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PhD Student, University of Adelaide

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Physiochemical and mechanical properties of cement mortar composites containing GO and reduced-GO

Cementitious materials are the most widely used construction materials throughout the world. Although this type of material has relatively good compressive strength, brittleness, very low tensile strength and strain, and low flexural strength are their weaknesses. Graphene is usually prepared by exfoliating the graphite in water using sonication and with oxidation using strong oxidizing agents. Graphite oxide is separated into several single layers, as graphene oxide (GO), which is easily dispersible in water. Another form of graphene is reduced graphene oxide (rGO) prepared by reducing oxygen groups of pristine graphene, which is obtained directly from graphite.

In recent years, several studies have proposed the significant potential of GO for enhancing mechanical properties of cementitious materials and designing new composites for specific applications. However, although significant progress has been made in previous studies, there is considerable inconsistency in these reports showing different effects of GO on the mechanical properties of composite due to the use of different GO materials and preparation conditions, neither properly characterized. These studies were mainly focused on conducting mechanical tests to show the effect of GO on the mechanical properties of composite without presenting or exploring how properties of used GO materials including the concentration, size, number of layers, defects, and density of oxygen groups could influence these properties. In this research, we present the first in series of studies, with the aim of investigating the influence of GO contents on the physiochemical and mechanical properties of cement mortar composites.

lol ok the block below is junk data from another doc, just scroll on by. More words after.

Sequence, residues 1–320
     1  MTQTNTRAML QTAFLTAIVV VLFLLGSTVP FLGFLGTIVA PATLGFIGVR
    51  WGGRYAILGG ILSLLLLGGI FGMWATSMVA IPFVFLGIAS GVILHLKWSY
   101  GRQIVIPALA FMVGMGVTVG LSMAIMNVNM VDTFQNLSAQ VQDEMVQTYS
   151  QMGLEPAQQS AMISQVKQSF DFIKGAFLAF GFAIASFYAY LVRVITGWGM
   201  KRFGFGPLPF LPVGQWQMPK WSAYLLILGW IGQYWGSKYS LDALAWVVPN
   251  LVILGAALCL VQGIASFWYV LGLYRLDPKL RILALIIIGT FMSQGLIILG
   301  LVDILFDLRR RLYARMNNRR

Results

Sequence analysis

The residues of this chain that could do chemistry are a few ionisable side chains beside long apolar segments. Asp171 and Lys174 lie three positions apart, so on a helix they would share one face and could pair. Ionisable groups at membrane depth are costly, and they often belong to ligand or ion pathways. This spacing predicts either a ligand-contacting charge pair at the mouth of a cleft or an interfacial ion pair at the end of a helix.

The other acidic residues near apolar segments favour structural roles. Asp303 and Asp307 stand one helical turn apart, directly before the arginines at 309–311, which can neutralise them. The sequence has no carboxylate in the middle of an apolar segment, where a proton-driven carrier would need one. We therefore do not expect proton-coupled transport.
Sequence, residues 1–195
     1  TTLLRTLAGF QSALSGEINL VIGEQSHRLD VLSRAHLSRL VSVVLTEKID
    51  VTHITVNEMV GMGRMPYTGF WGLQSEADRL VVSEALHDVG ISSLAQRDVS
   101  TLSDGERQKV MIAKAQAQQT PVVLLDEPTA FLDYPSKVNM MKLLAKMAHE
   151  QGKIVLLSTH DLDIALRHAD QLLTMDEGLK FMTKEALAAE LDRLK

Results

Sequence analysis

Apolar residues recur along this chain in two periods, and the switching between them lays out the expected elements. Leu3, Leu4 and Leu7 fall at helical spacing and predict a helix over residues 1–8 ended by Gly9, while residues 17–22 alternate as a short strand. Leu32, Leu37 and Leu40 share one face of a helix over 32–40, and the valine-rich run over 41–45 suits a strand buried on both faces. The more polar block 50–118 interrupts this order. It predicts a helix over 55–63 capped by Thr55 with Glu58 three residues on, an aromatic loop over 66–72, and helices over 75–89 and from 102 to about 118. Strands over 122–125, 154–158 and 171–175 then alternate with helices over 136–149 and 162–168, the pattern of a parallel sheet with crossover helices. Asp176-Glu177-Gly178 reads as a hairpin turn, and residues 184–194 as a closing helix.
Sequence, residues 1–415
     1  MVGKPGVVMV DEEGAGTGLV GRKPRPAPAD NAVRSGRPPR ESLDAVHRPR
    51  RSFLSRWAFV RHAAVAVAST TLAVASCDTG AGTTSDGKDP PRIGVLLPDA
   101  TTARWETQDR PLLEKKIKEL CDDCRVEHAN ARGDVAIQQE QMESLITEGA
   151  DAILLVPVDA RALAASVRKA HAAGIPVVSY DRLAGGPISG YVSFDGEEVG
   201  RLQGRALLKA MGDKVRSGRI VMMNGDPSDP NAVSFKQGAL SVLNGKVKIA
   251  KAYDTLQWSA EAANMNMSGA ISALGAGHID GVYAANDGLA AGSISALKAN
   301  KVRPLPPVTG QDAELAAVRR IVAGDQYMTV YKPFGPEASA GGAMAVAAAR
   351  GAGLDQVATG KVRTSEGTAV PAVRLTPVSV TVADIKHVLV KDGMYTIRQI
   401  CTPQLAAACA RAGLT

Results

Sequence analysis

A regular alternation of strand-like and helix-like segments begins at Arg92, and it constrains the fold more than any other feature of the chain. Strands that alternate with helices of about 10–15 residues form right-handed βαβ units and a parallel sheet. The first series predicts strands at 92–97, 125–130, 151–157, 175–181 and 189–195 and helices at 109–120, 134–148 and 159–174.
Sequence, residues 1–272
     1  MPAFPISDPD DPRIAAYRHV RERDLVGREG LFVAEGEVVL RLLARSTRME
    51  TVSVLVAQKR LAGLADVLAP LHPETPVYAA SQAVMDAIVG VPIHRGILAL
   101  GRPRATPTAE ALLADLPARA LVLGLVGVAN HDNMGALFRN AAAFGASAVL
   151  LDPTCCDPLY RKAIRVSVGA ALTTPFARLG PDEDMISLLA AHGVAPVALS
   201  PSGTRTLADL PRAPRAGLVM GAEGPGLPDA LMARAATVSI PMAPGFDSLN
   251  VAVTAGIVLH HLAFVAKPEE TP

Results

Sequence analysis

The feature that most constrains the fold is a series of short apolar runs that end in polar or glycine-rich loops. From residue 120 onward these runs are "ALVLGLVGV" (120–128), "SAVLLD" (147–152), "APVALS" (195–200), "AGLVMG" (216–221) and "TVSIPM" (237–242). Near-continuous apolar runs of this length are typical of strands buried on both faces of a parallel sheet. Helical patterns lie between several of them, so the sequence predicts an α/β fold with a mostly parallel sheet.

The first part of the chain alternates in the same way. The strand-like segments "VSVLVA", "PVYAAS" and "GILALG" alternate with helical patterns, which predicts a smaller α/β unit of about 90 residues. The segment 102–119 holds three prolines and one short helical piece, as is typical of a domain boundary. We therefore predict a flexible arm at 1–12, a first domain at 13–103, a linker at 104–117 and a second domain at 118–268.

The results show that the optimal percentage (i.e. 0.1%) of GO in the composite led to a 37.5% and 77.7% increase in the 28 days tensile and compressive strengths of GO–cement mortar composites compared to the plain cement mortar composite. Study revealed that GO not only prevent the crack propagation from the nanoscale to microscale and increase the hydration degree of the cement mortar composites, but also improve accessibility of the water to the GO oxygen functional groups and cement C–S–H component, indicating the importance of having appropriate GO concentrations. These observations with obtained mechanical properties that were validated by SEM, TGA, XRD, and FTIR analyses provide an essential link between structural, chemical, and mechanical properties.

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Modeling the behavior of FRP-confined concrete using dynamic harmony search algorithm